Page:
Scalable Fast Multipole Methods for Heterogeneous CPU-GPU architectures

August 17th, 2011


We fundamentally reconsider implementation of the Fast Multipole Method (FMM) on a computing node with a heterogeneous CPU-GPU architecture with multicore CPU(s) and one or more GPU accelerators, as well as on an interconnected cluster of such nodes. The FMM is a divide-and-conquer algorithm that performs a fast N-body sum using a spatial decomposition and is often used in a time-stepping or iterative loop. Using the observation that the local summation and the analysis-based translation parts of the FMM are independent, we map these respectively to the GPUs and CPUs. Careful analysis of the FMM is performed to distribute work optimally between the multicore CPUs and the GPU accelerators. We first develop a single node version where the CPU part is parallelized using OpenMP and the GPU version via CUDA. New parallel algorithms for creating FMM data structures are presented together with load balancing strategies for the single node and distributed multiple-node versions. Our 8 GPU performance
is comparable with performance of a 256 GPU version of the FMM that won the 2009 Bell prize.

(Qi Hu, Nail A. Gumerov and Ramani Duraswami: “Scalable fast multipole methods on distributed heterogeneous architectures”, accepted for SC’11. [PDF])

Swarm-NG: integration of an ensemble of N-body systems

July 29th, 2010

The Swarm-NG package helps scientists and engineers harness the power of GPUs. In the early releases, Swarm-NG will focus on the integration of an ensemble of N-body systems evolving under Newtonian gravity. Swarm-NG does not replicate existing libraries that calculate forces for large-N systems on GPUs, but rather focuses on integrating an ensemble of many systems where N is small. This is of particular interest for astronomers who study the chaotic evolution of planetary systems. In the long term, we hope Swarm-NG will allow for the efficient parallel integration of user-defined systems of ordinary differential equations.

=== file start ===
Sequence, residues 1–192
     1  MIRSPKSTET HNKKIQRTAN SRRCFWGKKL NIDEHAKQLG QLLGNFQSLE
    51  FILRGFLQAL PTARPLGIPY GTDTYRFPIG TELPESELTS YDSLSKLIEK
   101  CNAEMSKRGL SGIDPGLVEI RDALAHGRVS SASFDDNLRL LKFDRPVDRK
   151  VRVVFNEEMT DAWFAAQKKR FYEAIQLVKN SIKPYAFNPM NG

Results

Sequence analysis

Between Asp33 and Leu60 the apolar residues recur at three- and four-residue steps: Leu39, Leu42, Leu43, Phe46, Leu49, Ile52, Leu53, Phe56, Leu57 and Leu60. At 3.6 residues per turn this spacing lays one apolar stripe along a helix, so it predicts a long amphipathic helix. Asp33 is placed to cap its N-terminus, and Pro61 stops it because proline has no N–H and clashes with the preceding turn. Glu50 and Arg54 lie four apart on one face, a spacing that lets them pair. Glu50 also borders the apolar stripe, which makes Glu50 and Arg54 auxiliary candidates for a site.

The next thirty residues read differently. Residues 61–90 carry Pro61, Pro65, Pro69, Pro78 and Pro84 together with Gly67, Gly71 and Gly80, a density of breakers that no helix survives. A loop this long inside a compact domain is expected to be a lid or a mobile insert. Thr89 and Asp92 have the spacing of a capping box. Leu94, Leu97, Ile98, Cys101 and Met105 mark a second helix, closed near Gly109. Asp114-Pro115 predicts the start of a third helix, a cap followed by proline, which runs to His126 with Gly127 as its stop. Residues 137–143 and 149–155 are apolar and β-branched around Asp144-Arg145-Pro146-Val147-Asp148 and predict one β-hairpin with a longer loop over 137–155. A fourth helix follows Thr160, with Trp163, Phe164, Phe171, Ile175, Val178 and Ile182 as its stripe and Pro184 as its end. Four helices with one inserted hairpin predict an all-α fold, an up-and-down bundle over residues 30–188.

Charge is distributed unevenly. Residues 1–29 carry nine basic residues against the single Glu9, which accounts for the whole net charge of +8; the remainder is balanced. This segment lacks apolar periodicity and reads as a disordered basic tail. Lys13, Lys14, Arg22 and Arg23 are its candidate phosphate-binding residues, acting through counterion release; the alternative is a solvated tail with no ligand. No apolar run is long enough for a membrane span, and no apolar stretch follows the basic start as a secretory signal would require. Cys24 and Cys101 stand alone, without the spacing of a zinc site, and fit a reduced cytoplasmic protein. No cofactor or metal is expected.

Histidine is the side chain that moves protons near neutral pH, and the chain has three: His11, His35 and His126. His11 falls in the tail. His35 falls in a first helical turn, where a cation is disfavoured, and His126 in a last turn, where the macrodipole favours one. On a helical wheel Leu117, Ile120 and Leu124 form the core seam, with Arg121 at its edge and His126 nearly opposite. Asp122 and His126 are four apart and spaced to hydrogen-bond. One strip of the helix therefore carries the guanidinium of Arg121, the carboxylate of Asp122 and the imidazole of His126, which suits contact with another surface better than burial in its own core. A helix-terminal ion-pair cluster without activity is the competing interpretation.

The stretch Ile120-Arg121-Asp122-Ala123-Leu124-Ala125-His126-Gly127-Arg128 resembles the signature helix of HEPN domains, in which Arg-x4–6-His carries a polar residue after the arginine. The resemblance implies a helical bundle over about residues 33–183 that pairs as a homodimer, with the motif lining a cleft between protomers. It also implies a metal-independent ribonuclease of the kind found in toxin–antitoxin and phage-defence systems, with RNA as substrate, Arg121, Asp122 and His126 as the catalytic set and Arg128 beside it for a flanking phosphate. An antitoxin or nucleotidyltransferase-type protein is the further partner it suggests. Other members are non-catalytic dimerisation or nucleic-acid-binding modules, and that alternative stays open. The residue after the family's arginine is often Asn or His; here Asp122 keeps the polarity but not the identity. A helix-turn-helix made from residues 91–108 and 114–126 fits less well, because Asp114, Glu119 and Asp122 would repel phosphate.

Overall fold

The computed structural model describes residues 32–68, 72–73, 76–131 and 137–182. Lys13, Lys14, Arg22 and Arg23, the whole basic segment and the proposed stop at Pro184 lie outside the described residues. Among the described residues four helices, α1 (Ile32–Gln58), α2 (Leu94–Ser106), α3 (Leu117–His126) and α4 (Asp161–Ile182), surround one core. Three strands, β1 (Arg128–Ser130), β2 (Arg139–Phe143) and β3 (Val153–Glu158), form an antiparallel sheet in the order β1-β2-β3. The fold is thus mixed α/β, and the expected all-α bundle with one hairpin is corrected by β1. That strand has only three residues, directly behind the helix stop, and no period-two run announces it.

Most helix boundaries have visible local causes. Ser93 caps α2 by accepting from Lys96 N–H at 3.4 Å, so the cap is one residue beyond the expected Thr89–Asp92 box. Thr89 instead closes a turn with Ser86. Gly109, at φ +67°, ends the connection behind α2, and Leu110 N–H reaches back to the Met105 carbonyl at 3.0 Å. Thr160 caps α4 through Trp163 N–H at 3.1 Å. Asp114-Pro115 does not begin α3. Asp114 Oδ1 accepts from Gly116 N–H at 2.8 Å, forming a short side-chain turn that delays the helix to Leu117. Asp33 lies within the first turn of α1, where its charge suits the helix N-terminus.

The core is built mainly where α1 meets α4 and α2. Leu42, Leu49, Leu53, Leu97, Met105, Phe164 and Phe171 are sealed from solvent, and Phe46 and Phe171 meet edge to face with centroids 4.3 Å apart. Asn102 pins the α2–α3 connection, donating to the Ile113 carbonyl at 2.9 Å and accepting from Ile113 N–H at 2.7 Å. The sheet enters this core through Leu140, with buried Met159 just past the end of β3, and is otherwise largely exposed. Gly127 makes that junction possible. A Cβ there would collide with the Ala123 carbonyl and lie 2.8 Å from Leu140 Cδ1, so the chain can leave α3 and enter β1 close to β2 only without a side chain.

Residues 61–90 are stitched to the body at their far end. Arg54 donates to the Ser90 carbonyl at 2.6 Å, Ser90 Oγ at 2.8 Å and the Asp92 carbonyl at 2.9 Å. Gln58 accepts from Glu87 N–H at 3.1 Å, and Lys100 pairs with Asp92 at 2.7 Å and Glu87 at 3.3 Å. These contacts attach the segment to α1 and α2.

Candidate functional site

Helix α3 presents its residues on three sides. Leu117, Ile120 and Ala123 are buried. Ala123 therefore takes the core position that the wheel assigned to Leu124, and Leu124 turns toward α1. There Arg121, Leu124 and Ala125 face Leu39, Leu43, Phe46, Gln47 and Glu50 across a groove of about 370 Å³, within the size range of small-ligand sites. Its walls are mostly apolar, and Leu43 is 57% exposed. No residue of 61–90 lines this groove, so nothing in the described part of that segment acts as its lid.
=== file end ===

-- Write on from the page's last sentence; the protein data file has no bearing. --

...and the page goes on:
SAPPORO: A way to turn your graphics cards into a GRAPE-6

March 11th, 2009


In this paper, the authors present a library, named Sapporo, which closely emulates the GRAPE-6 API. The library is written in CUDA and implements most common functions that are used in N-body codes supporting GRAPE-6. As a result such codes will be able to use Sapporo without modification to their source code. The library also supports use of multiple GPUs per host. The authors carried out a series systematic tests to test the performance, accuracy and ability of the library to handle a realistic N-body problem. They found the performance of the library with a single G80/G92 GPU is a factor of two higher than that of GRAPE-6A(BLX) PCI(X)-cards, and the sustained performance with 2x GeForce 9800GX2 cards is on par with a 32-chip GRAPE-6 system (about 800 GFlop/s). The accuracy of the library is comparable to that of GRAPE-6 hardware, and its ability to correctly solve a realistic N-body problem provides an alternative for GRAPE-6 special purpose hardware.

(Evghenii Gaburov, Stefan Harfst and Simon Portegies Zwart, SAPPORO: A way to turn your graphics cards into a GRAPE-6, Submitted to New Astronomy)

Toward efficient GPU-accelerated N-body simulations

January 18th, 2008